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http://dx.doi.org/10.1080/14737159.2018.1400384DOI Listing
January 2018

Massively parallel and multiparameter titration of biochemical assays with droplet microfluidics.

Nat Protoc 2017 Sep 24;12(9):1912-1932. Epub 2017 Aug 24.

LIMMS, CNRS-Institute of Industrial Science, UMI 2820, The University of Tokyo, Tokyo, Japan.

Biochemical systems in which multiple components take part in a given reaction are of increasing interest. Because the interactions between these different components are complex and difficult to predict from basic reaction kinetics, it is important to test for the effect of variations in the concentration for each reagent in a combinatorial manner. For example, in PCR, an increase in the concentration of primers initially increases template amplification, but large amounts of primers result in primer-dimer by-products that inhibit the amplification of the template. Manual titration of biochemical mixtures rapidly becomes costly and laborious, forcing scientists to settle for suboptimal concentrations. Here we present a droplet-based microfluidics platform for mapping of the concentration space of up to three reaction components followed by detection with a fluorescent readout. The concentration of each reaction component is read through its internal standard (barcode), which is fluorescent but chemically orthogonal. We describe in detail the workflow, which comprises the following: (i) production of the microfluidics chips, (ii) preparation of the biochemical mixes, (iii) their mixing and compartmentalization into water-in-oil emulsion droplets via microfluidics, (iv) incubation and imaging of the fluorescent barcode and reporter signals by fluorescence microscopy and (v) image processing and data analysis. We also provide recommendations for choosing the appropriate fluorescent markers, programming the pressure profiles and analyzing the generated data. Overall, this platform allows a researcher with a few weeks of training to acquire ∼10,000 data points (in a 1D, 2D or 3D concentration space) over the course of a day from as little as 100-1,000 μl of reaction mix.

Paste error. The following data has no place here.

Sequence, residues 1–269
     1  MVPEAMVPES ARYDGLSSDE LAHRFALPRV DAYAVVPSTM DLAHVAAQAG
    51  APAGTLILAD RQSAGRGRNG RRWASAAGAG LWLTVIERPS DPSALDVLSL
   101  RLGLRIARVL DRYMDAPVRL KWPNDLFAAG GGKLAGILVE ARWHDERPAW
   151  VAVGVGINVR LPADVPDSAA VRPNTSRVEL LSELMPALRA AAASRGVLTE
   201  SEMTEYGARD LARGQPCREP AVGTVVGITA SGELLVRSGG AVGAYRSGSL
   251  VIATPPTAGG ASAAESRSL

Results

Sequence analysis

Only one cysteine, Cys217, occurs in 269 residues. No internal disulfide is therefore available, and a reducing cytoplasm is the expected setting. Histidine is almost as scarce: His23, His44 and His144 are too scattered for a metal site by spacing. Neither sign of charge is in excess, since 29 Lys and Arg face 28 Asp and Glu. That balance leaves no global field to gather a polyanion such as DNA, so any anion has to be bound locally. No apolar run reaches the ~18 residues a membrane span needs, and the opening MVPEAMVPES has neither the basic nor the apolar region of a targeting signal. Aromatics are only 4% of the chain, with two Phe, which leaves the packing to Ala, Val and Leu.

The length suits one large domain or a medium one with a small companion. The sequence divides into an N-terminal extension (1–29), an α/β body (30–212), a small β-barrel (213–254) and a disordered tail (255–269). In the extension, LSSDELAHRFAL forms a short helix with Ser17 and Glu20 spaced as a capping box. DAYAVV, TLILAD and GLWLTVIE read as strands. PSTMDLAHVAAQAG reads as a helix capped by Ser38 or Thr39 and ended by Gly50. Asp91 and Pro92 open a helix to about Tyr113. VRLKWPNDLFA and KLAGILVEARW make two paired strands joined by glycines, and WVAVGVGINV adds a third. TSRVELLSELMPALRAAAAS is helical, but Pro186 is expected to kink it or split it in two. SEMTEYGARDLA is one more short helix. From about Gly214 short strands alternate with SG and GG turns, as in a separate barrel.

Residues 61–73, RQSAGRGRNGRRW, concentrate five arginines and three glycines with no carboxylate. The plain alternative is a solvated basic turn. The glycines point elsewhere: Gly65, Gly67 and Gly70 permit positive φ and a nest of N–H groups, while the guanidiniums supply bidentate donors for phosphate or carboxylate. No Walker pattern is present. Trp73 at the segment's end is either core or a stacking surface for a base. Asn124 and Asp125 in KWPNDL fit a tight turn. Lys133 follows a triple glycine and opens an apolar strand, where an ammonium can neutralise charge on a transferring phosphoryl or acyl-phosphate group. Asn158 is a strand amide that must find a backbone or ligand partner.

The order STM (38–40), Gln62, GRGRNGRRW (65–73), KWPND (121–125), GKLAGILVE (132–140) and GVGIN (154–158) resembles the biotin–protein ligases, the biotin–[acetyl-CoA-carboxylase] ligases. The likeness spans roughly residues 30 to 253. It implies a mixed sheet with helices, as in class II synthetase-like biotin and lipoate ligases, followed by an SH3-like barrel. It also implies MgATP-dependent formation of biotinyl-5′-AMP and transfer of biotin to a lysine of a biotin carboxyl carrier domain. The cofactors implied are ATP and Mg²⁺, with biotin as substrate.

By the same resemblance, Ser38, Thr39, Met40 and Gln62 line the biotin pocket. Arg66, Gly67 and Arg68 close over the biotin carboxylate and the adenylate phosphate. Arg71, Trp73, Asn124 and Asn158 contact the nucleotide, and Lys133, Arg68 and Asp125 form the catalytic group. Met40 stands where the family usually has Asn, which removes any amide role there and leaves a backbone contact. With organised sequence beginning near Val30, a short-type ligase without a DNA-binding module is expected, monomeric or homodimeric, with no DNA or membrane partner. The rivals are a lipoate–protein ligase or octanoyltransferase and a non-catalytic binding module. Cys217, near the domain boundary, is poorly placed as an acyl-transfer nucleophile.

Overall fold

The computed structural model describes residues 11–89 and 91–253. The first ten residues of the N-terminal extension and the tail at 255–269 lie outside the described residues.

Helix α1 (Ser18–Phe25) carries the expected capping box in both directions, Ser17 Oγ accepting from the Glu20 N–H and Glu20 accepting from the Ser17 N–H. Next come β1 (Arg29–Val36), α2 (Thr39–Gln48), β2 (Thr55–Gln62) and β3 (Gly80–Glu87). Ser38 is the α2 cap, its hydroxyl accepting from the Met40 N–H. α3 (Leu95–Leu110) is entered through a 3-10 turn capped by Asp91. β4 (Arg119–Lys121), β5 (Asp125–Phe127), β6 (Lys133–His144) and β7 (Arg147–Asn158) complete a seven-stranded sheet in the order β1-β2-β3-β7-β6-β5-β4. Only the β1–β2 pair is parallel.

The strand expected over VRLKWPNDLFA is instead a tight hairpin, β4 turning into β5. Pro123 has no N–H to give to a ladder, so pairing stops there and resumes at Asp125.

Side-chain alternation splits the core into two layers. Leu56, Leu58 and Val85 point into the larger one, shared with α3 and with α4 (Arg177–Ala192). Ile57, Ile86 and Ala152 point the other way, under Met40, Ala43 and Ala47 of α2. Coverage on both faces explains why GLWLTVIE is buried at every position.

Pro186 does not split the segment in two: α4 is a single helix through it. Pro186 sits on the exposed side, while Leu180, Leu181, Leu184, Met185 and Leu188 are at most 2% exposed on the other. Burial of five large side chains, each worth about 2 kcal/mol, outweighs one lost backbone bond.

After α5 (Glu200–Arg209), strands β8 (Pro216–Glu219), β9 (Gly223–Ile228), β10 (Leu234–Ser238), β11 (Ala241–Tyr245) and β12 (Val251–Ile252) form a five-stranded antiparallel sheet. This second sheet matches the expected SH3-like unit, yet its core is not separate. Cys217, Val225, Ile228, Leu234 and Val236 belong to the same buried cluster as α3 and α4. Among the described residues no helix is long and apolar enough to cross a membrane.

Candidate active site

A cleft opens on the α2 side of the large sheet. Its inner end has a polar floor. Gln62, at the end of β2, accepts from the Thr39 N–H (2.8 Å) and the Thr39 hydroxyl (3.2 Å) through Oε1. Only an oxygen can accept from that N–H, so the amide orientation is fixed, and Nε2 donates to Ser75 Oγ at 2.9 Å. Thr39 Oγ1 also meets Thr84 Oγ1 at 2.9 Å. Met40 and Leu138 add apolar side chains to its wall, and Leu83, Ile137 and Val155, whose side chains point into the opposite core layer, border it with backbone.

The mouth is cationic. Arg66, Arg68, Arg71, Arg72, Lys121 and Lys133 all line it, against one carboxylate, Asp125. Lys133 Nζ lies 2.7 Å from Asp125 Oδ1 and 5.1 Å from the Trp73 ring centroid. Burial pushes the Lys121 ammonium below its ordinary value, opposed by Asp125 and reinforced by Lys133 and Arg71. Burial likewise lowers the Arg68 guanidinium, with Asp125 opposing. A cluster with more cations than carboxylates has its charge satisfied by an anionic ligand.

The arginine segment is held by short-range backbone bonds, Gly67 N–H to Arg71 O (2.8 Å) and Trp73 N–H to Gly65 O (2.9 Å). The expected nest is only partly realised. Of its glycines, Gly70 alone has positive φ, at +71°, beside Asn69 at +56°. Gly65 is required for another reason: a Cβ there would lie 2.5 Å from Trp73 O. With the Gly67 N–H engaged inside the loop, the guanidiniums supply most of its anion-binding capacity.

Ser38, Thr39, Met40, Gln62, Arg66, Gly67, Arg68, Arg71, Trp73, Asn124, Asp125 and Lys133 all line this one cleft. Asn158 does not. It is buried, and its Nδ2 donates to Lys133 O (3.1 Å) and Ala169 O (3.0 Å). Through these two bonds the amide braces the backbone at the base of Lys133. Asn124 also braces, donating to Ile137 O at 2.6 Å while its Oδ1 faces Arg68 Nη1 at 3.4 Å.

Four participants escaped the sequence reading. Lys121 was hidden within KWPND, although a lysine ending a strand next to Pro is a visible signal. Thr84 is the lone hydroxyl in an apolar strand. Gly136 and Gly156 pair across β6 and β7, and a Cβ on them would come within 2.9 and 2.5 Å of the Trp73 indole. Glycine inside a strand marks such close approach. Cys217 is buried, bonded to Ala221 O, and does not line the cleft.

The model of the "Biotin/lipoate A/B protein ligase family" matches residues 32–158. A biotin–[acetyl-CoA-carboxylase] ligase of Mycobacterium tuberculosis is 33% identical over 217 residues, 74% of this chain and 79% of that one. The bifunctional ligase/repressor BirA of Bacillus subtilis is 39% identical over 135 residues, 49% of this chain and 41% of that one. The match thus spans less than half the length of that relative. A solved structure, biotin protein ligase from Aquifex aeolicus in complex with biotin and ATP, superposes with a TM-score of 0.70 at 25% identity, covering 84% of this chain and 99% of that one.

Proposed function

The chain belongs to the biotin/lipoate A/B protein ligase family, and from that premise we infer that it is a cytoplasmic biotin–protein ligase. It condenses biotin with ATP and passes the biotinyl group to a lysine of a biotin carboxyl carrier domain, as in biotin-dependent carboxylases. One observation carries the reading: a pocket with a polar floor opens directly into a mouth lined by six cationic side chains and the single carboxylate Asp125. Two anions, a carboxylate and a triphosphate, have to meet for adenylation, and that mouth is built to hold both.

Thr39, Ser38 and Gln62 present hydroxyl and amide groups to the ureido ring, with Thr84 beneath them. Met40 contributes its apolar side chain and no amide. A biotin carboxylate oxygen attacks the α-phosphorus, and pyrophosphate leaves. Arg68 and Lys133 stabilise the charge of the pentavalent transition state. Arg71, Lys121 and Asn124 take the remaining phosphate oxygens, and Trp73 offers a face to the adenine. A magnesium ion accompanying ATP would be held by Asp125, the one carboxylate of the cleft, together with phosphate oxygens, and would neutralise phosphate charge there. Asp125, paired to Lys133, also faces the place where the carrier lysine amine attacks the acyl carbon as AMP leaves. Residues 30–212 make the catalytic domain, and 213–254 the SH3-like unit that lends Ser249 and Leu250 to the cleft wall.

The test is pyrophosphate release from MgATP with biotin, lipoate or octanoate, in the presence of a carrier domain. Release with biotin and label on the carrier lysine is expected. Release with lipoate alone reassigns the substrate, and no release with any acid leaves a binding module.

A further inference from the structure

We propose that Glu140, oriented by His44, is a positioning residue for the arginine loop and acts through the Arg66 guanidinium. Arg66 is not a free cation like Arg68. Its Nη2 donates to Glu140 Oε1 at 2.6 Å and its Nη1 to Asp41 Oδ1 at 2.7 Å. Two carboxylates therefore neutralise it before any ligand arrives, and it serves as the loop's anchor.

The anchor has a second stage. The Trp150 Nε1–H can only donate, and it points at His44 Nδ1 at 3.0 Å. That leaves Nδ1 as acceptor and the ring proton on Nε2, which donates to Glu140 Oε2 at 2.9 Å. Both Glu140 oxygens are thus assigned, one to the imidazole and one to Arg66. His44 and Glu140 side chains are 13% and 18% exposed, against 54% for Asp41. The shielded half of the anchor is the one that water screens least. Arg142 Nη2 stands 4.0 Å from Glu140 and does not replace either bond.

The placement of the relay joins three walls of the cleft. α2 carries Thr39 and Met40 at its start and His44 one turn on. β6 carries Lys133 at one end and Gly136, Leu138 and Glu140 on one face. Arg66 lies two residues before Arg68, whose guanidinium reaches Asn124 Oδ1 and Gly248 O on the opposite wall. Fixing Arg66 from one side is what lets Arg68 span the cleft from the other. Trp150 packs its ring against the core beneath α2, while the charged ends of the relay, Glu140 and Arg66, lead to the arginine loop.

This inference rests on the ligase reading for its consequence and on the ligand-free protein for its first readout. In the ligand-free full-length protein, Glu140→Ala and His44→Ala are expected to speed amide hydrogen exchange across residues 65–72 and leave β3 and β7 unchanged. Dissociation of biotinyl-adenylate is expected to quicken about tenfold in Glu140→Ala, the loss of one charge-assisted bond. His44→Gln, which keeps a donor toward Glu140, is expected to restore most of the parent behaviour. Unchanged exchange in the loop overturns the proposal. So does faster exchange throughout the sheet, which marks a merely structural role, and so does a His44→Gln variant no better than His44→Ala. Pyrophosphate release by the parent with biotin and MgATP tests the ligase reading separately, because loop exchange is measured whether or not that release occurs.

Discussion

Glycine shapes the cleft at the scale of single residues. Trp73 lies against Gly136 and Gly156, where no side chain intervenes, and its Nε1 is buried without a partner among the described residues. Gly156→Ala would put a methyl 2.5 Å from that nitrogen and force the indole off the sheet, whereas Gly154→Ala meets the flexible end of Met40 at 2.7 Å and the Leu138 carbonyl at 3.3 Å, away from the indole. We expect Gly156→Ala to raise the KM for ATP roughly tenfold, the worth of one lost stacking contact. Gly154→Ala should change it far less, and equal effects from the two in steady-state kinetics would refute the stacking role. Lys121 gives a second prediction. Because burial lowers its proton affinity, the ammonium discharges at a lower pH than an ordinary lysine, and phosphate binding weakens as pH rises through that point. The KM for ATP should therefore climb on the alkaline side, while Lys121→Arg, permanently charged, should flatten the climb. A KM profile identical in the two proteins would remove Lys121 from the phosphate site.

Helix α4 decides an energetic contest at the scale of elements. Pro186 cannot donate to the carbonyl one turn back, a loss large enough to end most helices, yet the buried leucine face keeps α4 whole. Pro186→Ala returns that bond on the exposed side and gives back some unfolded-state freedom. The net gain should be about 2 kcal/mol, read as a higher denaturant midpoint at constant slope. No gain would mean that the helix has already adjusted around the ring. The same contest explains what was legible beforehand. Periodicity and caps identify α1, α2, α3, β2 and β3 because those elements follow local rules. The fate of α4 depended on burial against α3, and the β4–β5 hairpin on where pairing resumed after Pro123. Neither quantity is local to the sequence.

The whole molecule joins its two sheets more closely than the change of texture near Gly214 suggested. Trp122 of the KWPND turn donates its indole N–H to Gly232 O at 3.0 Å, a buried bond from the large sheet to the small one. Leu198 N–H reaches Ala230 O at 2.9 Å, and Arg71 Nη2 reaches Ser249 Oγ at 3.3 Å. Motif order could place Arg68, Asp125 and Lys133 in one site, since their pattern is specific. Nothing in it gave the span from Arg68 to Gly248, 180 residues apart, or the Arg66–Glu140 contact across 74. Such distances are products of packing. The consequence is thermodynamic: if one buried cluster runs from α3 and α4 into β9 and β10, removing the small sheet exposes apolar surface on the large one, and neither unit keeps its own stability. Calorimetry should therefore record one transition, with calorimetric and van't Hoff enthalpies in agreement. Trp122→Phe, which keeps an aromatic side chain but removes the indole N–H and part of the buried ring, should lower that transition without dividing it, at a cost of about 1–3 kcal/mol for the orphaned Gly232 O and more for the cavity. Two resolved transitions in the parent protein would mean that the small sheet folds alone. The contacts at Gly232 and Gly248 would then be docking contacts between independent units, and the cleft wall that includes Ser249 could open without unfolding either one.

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http://dx.doi.org/10.1038/nprot.2017.092DOI Listing
September 2017